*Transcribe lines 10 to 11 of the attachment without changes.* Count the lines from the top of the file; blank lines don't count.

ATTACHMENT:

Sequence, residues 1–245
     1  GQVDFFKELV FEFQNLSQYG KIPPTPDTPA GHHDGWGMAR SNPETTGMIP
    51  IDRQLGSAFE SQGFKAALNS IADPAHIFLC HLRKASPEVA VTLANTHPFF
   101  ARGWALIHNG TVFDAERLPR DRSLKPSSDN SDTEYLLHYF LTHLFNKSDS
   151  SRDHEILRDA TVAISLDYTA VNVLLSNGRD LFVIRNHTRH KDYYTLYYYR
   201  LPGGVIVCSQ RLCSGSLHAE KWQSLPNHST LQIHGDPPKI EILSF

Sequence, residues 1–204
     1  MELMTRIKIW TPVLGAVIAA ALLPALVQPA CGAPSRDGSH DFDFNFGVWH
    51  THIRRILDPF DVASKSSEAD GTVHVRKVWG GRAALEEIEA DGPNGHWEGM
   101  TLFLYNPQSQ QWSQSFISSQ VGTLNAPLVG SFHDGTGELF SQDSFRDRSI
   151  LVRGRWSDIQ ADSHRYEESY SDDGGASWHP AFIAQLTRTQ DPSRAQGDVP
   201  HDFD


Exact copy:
   101  TLFLYNPQSQ QWSQSFISSQ VGTLNAPLVG SFHDGTGELF SQDSFRDRSI
   151  LVRGRWSDIQ ADSHRYEESY SDDGGASWHP AFIAQLTRTQ DPSRAQGDVP